I have several more “high profile” albums on my list to review; but, popularity be damned, I want to review this instead. I’ve been listening to the new record from Matelo Mantra, called Architects of Fantasy. The album released on April 12th.
Matelo comes to us from Montreal, Canada. I feel like he doesn’t give himself enough credit, though. When he contacted me about his music, he downplayed it somewhat, doubting if I’d even be interested. You see, Matelo labels his music as New Age progressive rock, and he wasn’t sure I’d dig the whole “New Age” thing. Little did he know, though, that I happen to love that genre.
I would point out Matelo definitely has some New Age sounds here, mainly in the casual, soothing, and multiethnic atmosphere he creates. However, there is plenty of progressive electronic, guitar, and gorgeous keys to be had here, too. This album, for whatever reason, reminds me of Mike Oldfield’s The Songs of Distant Earth, one of my favorite albums ever. It doesn’t necessarily sound the same, but it does feel in the same genre, so to speak.
One thing that really sets this album apart is Matelo’s ear for melody and eventful songwriting. He doesn’t artificially elongate his tracks, and each and every song feels unique to me. Songs like “Blue Snow” have a very climactic “chorus” with guitar playing up against a wall of synth and sweeping keys. Yet, the next song “Flight of a Feather” is more progressive electronic in nature, and the addictive rhythm in the second half always snatches my heart.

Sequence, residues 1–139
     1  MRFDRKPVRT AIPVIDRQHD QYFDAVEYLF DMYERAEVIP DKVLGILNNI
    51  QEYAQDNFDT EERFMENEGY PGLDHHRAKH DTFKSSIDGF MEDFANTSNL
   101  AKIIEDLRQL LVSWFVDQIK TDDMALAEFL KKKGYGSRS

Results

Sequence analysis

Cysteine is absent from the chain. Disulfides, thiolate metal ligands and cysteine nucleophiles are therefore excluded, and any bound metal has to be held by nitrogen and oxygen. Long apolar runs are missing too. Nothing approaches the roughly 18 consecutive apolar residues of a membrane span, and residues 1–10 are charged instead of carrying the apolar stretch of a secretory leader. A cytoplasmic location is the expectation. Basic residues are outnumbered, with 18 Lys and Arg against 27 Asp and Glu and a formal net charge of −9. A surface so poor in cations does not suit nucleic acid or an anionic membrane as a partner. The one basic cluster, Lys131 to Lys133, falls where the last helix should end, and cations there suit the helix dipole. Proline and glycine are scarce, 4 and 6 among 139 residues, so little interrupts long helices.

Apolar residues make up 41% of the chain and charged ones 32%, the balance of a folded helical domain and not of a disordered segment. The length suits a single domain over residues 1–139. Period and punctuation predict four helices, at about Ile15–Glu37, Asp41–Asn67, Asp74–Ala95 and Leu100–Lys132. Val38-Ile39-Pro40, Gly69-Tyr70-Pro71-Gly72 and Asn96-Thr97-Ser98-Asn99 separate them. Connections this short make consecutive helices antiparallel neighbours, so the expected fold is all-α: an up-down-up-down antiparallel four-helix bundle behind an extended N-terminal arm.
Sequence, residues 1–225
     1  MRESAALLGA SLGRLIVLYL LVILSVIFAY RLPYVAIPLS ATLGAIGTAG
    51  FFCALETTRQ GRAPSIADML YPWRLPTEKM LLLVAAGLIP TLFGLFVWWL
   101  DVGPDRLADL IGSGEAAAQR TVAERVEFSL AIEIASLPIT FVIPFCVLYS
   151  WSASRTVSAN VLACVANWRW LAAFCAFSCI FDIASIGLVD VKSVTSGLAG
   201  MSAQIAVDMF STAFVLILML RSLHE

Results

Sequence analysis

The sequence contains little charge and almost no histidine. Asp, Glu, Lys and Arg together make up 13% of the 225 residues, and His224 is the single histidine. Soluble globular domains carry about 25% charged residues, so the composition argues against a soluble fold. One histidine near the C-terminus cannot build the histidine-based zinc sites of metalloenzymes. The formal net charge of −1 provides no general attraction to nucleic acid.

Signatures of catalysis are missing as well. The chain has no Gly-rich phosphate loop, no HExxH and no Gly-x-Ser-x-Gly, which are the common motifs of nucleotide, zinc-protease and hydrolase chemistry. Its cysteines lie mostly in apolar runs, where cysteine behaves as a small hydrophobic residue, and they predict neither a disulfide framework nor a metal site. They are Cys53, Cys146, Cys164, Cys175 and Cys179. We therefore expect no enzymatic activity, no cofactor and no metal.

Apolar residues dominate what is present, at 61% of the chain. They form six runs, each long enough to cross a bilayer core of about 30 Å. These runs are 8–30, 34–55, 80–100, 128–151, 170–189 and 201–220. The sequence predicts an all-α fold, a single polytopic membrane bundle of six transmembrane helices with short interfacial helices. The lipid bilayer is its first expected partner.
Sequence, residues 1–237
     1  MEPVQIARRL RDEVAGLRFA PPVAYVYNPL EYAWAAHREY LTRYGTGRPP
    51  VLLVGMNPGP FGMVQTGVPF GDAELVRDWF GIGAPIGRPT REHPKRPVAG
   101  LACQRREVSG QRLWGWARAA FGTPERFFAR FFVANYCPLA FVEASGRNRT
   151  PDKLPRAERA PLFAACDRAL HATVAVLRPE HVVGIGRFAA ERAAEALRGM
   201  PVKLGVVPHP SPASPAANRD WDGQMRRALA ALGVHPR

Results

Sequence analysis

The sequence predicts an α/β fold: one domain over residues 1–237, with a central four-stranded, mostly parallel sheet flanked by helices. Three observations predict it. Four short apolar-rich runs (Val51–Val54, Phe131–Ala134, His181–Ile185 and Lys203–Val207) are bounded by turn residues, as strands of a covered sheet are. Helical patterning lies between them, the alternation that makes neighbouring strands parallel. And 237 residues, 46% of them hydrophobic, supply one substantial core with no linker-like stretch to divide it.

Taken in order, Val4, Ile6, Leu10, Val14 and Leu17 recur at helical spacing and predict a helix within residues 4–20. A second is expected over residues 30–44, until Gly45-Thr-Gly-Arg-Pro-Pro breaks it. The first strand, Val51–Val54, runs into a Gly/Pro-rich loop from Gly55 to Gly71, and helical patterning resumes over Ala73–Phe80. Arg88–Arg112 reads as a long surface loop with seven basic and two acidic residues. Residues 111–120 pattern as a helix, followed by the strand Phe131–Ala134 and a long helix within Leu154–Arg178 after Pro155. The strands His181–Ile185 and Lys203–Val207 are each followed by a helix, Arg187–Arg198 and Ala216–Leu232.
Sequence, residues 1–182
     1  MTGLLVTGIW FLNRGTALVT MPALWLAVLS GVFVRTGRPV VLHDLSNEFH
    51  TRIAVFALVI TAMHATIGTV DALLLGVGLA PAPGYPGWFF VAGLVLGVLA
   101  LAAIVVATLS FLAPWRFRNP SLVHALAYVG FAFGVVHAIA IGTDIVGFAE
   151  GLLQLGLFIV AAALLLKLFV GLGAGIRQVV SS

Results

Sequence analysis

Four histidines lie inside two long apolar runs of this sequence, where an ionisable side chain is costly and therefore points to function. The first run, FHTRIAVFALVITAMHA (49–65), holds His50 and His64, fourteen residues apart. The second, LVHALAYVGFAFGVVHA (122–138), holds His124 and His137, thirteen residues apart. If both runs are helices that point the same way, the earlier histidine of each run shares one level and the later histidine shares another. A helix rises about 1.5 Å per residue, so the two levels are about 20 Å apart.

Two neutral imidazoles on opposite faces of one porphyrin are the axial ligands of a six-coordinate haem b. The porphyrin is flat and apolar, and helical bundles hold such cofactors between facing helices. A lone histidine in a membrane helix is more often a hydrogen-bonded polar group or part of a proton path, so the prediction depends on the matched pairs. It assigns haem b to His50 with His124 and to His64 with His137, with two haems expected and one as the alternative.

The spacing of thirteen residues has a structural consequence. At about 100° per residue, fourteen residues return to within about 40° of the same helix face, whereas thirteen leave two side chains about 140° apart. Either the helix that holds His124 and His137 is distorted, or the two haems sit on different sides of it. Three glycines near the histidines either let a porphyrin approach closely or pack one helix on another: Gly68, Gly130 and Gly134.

The album progresses much in this way. “The Maze” is ethereal, crystalline, and cinematic. “Illusions” relies on some gorgeous piano, plus a percussive interlude. “Giant Strides” brings in Far Eastern sounds in grand fashion. “Bounds of Time” almost has a hint of reggae and blues in it. “Moon Theater” glories in the night with piano and drums that feel organic and transformative.
And so the album goes, with each track feeling different and somehow also united. My favorite song overall is called “Skylark”. It starts off with beautiful piano, but soon, Matelo’s synth instincts kick in with a strong hook, soaring ambience, and just a sense that he knows exactly what he’s doing. The album ends with two “liquid” tracks, “Whimsical Sea” and “Be Water”, both feeling quaint, edifying, and wonderful. The former is more electronic, while the closer is more acoustic-based.
So, Matelo has a great album to his name. Architects of Fantasy is a fanciful, artistic effort, one that I can tell was carefully crafted through emotions, sweat, and pain-staking determination. This album deserves high praise indeed.
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